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    Topic review

    Removal of Pesticides from Waters

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    Submitted by: Magdalena Andrunik
    (This entry belongs to Entry Collection "Environmental Sciences ")

    Definition

    Pesticides are pollutants found in wastewater due to increasing agricultural activities over the years. Inappropriate dosing of pesticides results in the dispersal of active ingredients in the environment. The complete removal of pesticides from wastewater is an immediate concern due to their high toxicity and mobility. At present, adsorption is one of the most widely used methods for pesticide removal, in which synthetic zeolites and mesoporous silica materials are extensively applied. This article presents a systematic and comparative review of the applications and comparison of these adsorbents, based on the data reported in the literature.

    1. Introduction

    Since the latter half of the nineteenth century, extensive agricultural use of plant protection products, which are referred to as “pesticides” (used henceforth in this paper), has been observed to pose a serious impact on soil, air, and water. As stated by the World Health Organization (WHO), the term “pesticide” is defined as any chemical compound that is used to kill pests (weeds, rodents, insects, fungi) [1]. The global demand for increased food production has not only led to significant deterioration of food quality, resulting in severe consequences on the environment but also caused public health issues due to overuse or misuse of pesticides [2][3]. It is assessed that more than 20% of the pesticides reach their nontarget species, as well as air, water, and soil [4]. Traces of these products are commonly detected in surface water, and more importantly, groundwater—a major source of drinking water on the world [5]. The presence of many types of pesticides and their derivatives in water is of great concern to the public and authorities, due to increased undesirable health effects resulted in the exposition on pesticides even at very low concentrations (pg/L to ng/L) [6].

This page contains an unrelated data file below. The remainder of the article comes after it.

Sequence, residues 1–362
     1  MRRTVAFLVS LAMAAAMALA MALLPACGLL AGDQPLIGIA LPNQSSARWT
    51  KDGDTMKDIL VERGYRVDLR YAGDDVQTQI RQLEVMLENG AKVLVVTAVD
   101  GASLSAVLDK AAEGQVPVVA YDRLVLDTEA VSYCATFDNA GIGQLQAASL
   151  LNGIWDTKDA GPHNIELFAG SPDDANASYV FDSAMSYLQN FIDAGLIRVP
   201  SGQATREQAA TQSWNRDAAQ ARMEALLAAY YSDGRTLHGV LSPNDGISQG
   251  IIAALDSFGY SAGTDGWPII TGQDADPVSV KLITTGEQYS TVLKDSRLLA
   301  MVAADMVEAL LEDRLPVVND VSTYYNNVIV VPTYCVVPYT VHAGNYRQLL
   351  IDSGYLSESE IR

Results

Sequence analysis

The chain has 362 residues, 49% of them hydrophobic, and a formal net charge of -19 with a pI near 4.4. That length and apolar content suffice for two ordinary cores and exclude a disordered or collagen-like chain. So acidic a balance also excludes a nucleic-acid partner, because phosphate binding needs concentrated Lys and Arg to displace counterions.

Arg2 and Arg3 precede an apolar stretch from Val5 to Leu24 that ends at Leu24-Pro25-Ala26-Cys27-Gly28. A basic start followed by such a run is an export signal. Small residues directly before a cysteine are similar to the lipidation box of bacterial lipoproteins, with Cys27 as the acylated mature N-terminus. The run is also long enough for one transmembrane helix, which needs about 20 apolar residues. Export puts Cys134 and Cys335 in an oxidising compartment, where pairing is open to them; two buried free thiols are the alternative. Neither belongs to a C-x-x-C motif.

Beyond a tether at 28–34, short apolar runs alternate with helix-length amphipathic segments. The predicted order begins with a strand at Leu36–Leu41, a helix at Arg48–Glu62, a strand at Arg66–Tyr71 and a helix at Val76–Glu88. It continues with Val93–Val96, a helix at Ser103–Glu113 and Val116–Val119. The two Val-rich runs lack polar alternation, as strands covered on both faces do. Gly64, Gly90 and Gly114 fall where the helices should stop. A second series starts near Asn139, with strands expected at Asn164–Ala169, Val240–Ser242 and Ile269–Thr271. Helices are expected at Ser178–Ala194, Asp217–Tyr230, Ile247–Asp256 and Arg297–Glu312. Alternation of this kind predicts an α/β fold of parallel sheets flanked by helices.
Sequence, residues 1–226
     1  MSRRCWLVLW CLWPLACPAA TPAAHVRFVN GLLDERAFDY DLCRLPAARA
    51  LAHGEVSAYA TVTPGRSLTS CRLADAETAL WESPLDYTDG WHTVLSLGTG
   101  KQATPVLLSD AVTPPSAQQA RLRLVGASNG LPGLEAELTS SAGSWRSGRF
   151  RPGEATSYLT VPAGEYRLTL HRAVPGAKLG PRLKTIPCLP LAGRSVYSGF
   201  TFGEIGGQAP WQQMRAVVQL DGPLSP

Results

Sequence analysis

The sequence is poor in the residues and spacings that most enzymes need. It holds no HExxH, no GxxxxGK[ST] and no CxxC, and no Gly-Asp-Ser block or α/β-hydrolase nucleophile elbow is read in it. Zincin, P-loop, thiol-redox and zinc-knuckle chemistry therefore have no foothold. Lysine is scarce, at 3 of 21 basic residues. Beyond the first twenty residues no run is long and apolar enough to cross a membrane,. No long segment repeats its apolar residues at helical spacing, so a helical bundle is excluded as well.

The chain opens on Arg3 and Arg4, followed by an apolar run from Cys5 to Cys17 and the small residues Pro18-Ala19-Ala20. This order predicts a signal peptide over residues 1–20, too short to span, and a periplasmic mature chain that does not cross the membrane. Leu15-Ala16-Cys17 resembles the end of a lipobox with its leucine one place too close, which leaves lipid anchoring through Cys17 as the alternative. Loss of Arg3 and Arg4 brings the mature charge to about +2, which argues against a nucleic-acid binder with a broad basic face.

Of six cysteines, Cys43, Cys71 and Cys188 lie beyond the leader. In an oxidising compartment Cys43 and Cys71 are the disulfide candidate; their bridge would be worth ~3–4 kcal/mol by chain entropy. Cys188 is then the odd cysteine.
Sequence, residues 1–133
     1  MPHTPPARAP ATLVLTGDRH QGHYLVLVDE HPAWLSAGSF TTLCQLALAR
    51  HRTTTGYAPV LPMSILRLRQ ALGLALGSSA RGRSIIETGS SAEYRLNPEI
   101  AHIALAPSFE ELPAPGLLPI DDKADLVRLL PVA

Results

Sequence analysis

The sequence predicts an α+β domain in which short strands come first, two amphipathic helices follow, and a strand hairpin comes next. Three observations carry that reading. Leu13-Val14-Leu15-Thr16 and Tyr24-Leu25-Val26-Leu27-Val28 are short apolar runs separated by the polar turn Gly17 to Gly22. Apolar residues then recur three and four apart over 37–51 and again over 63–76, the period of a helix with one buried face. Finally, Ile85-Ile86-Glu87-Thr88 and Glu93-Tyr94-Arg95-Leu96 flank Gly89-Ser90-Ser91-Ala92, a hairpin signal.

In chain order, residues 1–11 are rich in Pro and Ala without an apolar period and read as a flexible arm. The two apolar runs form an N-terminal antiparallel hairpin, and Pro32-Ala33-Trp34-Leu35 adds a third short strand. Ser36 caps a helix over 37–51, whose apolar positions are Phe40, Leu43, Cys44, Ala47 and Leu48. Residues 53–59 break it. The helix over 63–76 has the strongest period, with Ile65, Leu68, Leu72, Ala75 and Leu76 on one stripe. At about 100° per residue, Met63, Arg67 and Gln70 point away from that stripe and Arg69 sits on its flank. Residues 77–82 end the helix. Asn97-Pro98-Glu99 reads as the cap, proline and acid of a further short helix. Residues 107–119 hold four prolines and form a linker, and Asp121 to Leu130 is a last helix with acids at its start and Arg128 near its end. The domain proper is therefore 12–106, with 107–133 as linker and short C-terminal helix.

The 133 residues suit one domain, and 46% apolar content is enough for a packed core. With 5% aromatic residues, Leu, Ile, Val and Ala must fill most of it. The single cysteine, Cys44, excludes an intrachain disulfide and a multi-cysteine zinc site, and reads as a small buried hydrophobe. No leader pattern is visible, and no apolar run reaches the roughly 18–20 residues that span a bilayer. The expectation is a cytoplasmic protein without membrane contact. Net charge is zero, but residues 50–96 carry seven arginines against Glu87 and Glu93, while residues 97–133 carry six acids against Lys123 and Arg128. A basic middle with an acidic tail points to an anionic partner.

Pesticides have greatly contributed to increasing agricultural yields by limiting pests and plant diseases and also by combating the insect-borne diseases in the human health sector [3][7]. For example, the production of food grains has increased dramatically in several countries since the implementation of pesticides. Although increases in productivity are attributed to different factors (e.g., use of fertilizers, better plants variations, and use of better machinery), pesticides have been an integral part of those processes by the reduction of losses from the weeds, diseases, and insect pests [8][9]. Furthermore, insecticides are the only way available to control the proliferation of deadly insect-borne diseases like malaria which results in an estimated 5000 deaths per day [10].
    However, overuse and misuse of pesticides may have a negative impact on human health. Pesticides are used for controlling living species—they are biologically active substances that intervene with organisms and are characterized by different levels of toxicity [11]. These compounds are relatively stable and can bioaccumulate in living bodies. The toxicity of pesticides can be categorized as acute or chronic. Acute illness generally emerges after a short time of contact with the pesticide [12][13]. Suspected chronic effects resulting from regular exposure to small doses of certain pesticides may include birth defects, toxicity to fetus, genetic changes, blood, and nerve disorders. Furthermore, several studies have established a link between the exposure to pesticides and the frequency of chronic diseases that affect the nervous, reproductive, renal, cardiovascular, and respiratory systems in humans [14][15][16][17].